There has been a lot of work on the SI web & new media strategy wiki this week so there may be points there that you'd like to respond to: home page is http://smithsonian-webstrategy.wikispaces.com/See also http://smithsonian-webstrategy.wikispaces.com/Facets+of+the+Web+and+New+Media+StrategyI'm also rather fond of some of the ideas on these pages: http://smithsonian-webstrategy.wikispaces.com/Principlesand
http://smithsonian-webstrategy.wikispaces.com/ResourcesYou may have heard this before in some of my earlier papers, but I like to think of the museum as a distributed network. It's a bit of a technical term, but implies not silos but interconnectedness and interdependency as well as deliberate redundancy of access and support, so that if any one node goes down, communication and access to the network can continue regardless. Nodes on a distributed network can share the work, and they don't all have to be owned by one entity so they belie the concept of private property and central control.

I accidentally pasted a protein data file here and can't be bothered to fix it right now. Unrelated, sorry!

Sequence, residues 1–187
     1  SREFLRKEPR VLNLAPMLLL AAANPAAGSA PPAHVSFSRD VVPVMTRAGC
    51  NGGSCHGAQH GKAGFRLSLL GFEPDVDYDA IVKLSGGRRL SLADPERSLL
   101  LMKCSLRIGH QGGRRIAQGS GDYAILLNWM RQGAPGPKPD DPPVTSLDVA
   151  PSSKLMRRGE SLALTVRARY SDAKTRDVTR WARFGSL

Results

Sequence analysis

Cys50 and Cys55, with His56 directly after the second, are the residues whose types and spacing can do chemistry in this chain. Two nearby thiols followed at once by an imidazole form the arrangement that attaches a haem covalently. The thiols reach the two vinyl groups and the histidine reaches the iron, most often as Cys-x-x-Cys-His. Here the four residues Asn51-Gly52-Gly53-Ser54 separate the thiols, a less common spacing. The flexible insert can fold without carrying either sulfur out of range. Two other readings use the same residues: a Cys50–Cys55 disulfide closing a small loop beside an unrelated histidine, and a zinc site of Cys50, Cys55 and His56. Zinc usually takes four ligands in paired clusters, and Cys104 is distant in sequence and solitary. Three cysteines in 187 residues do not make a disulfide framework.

Perhaps a useful metaphor for the structure we aim at, anyway!

All the best,
Nancy

Michael Edson said...

Really looking forward to your talk - - there are so many things I'd like you to think and talk about I hardly know where to begin! One of the biggies we're struggling with is how to connect the multi-channel model with the day-to-day work, today and in the future, of the Institution's umpteen-thousand scientists, researchers, and curators. How can these professionals use the multi-channel model to be better "increasers and diffusers of knowledge" in their own professional domains?

Knock 'em (I mean us!) dead!

Lisa Nash said...

Fantastic webcast today! I love that you use the DISNEY word with your Museum cohorts ... there's still a lot to be done to make museums really participatory and targeted-user-friendly (I think this is what you mean by the me-to-we thang) and sticky and enjoyable/repeatable. And thanks for the word of the day EDUCE.
I didn't get a chance to talk to you in person at AAM but love what you do!

Lu Harper said...

The talk was great! I'd really like to share it with colleagues...is it going to be online afterwards?